Innovation in Australia: Collaborate or Cease?

February 16th, 2016

puzzle-1020425_960_720 “Innovate or Die” – the saying has become somewhat of a proverb of late in Australia as Turnbull pushes forward his Innovation Agenda in 2016. However, should the motto be “collaborate or cease” instead?

To elaborate, last week an Issues Paper (PDF 611KB) was released reviewing the Australian R&D Tax Incentive. The review confirms that Australian businesses still have the lowest rates of the OECD pack when it comes to R&D collaboration with universities and other research organisations. In specific, fewer than 10 per cent of projects – or 3033 grants for $2.7 billion in R&D activity – are conducted as joint ventures.

There is no denying that oligopoly structures in certain industries have fortified an inward-focused business sector that could be impeding Australia’s innovation economy. As noted above, Australia has the worst collaboration record in the OECD and innovation is fundamentally a team effort at heart. Certainly, technology is too hard these days to be anything other than multidisciplinary.

Moreover, Australia lags behind other countries when it comes to commercialising research – aka turning it into a business – according to the World Economic Forum. The value of stock of knowledge generated by university research was estimated at $160 billion in 2014, equivalent to almost 10 per cent of GDP and exceeds the entire value of Australia’s mining industry. However, like other industries in Australia, this research often fails to be commercialised.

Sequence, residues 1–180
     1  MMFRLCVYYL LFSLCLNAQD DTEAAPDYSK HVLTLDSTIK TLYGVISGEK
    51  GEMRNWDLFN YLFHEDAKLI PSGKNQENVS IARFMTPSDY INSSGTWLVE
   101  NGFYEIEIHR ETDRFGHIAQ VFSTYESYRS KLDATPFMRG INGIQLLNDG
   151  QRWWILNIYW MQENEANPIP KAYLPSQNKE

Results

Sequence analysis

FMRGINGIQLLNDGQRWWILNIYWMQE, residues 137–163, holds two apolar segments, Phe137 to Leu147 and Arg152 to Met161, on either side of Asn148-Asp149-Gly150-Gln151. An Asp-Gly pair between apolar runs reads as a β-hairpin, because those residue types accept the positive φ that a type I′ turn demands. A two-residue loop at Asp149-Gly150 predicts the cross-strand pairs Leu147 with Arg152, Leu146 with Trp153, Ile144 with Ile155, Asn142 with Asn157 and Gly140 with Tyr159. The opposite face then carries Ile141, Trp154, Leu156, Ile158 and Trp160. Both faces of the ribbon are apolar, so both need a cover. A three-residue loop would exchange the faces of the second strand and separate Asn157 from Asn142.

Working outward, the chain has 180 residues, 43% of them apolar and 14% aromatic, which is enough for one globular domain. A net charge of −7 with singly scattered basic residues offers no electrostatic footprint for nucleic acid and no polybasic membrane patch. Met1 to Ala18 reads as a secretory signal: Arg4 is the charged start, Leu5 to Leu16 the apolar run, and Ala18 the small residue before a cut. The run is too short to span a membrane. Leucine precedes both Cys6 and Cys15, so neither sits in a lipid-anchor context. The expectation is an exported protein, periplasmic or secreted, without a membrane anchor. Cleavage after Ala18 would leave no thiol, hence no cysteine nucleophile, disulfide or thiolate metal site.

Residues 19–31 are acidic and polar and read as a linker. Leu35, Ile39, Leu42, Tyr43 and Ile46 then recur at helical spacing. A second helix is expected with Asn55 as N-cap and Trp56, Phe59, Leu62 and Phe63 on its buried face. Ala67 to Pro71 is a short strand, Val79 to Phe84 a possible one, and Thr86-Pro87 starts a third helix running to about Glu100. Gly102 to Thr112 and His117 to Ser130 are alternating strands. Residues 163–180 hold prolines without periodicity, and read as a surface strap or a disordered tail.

Indeed, research and development occurs in universities and in businesses – but there is little connection between the two. Thus, how can Australia improve collaboration and commercialisation between the two?  Tax concessions are one way to cultivate a partnership between businesses and universities. For instance, the $2.9 billion in research tax breaks that goes to companies may be better spent on joint university-business partnerships instead. Indeed, this would balance government support and mimic successful tax models that are utilised in the United States and United Kingdom.

Ultimately, University and corporate partnerships, driven through tax concessions or other integrated models, could certainly help bridge the gap between research and proven technology. Overall, pushing a more ‘collaborative’ attitude in Australia could assist in ensuring investment in research and innovation in Australia does not get left behind in a competitive international market.

If you’ve invested in Research and Development(R&D), contact us today to see if your eligible for the government’s R&D Tax Incentive.